North Florida growers have planted several citrus groves in recent years. “A lot of those groves are starting to become productive,” Kevin Athearn said during a Sept. 23 Cold Hardy Citrus Association annual meeting, held virtually. Athearn, a regional specialized Extension agent, familiarized new citrus growers with some citrus terminology and suggested possible marketing strategies.
“It’s important that we all understand standard size units for citrus,” said Athearn. He told the North Florida growers that Florida citrus is sold by the field box, which weighs approximately 95 pounds for tangerines, 90 pounds for oranges and 85 pounds for grapefruit. He said fruit packed at a packinghouse goes into four-fifth bushel cartons, and that a carton is half of a field box.
Athearn said that “citrus juice consumption per capita has fallen quite a bit over the past decade or so.” But he also offered the good news that total fresh citrus consumption per capita has been rising for the past decade. That increased consumption has been driven by demand for tangelos, tangerines, mandarins, lemons and limes, he said. A Florida Department of Citrus economist expects the demand for fresh Florida citrus to continue to increase; learn more here.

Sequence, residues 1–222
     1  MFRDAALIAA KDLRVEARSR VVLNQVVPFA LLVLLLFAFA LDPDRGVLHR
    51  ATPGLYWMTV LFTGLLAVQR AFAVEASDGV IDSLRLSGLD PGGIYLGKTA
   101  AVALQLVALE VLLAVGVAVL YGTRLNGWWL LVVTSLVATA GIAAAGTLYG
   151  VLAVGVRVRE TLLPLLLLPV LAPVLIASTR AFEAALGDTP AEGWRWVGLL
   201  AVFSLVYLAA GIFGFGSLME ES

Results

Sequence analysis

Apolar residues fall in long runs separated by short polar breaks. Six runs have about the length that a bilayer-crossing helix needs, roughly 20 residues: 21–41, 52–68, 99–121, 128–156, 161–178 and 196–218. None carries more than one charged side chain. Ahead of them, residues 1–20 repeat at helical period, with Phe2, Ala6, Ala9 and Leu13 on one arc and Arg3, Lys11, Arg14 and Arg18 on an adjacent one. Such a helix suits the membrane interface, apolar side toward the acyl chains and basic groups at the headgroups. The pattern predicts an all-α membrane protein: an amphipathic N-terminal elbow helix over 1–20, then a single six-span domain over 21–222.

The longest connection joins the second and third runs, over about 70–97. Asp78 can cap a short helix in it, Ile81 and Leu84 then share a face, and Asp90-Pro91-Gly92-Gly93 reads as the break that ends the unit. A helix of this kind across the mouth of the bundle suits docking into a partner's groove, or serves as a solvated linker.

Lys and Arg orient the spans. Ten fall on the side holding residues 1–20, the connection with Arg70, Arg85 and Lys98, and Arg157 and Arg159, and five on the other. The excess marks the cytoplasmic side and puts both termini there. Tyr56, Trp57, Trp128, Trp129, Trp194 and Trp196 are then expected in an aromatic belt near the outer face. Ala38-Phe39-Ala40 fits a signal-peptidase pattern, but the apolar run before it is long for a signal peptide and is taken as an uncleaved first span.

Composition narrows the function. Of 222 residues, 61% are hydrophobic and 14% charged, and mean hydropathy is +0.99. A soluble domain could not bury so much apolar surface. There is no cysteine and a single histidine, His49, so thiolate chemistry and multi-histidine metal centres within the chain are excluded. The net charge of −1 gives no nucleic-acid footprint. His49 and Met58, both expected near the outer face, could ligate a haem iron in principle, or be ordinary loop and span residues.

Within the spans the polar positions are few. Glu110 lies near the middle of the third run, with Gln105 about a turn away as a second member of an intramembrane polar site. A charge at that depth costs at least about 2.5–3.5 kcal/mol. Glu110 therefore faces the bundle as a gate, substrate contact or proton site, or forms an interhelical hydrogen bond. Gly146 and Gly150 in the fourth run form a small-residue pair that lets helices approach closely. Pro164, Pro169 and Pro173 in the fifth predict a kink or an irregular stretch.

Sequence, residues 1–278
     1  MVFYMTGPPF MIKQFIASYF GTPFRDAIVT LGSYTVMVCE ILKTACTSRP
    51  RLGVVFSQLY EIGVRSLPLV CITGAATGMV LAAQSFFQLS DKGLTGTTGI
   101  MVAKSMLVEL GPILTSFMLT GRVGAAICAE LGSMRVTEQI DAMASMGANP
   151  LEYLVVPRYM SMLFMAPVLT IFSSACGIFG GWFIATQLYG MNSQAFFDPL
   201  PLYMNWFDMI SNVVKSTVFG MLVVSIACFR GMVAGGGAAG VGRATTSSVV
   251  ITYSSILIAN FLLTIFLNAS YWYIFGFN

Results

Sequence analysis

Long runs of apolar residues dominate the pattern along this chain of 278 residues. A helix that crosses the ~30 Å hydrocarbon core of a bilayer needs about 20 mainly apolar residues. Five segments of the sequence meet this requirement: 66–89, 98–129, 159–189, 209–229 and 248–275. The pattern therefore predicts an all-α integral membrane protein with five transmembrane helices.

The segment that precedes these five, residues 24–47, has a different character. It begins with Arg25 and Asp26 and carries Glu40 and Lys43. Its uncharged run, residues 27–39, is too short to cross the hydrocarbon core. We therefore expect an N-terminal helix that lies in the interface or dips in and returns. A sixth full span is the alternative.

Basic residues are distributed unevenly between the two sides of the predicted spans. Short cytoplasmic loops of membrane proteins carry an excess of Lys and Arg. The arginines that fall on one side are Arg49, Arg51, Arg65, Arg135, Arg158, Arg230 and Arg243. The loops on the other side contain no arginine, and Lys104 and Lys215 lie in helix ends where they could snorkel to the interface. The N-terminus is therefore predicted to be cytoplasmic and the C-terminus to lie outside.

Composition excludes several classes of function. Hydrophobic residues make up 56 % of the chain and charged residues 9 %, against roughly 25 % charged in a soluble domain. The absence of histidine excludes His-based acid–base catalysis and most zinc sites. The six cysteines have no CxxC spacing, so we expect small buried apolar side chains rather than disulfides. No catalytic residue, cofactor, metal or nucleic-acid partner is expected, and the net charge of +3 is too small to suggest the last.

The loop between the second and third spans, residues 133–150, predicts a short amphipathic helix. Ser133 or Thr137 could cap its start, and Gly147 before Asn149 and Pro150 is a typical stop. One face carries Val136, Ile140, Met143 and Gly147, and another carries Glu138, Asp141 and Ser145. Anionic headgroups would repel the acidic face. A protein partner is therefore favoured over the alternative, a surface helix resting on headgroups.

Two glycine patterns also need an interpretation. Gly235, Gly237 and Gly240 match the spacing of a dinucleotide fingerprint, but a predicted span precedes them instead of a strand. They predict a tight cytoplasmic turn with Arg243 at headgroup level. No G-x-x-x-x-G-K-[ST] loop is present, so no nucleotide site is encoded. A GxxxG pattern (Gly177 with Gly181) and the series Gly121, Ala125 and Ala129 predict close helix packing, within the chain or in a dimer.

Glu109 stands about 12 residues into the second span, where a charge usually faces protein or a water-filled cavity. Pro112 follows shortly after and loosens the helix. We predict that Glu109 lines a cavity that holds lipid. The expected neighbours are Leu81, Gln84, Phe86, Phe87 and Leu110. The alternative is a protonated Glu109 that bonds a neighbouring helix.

At the same time demand for fresh citrus has been increasing, Florida fresh citrus production has been declining, Athearn said. He added that California and foreign countries have been supplying much of the fruit consumers want, especially tangerines and mandarins.
Athearn added that Florida is the top market for Florida-grown fresh citrus, followed by New York, Illinois, New Jersey and Georgia, in order.
“Marketing is really key to profitability,” Athearn said. He suggested that growers differentiate and brand their fruit.
Options for growers to market their fruit include selling to packinghouses, selling through a broker, and using a wholesale distributor. Athearn said there are two packinghouses in North Florida: Cherokee Satsuma in Marianna and Florida Georgia Citrus in Monticello. Packinghouses in South Georgia include The Satsuma Company in Tifton and Ken Corbett Farms in Lake Park.
According to Athearn, other marketing options for small growers include farmers markets, roadside stands, u-pick operations and gift fruit.
Share this Post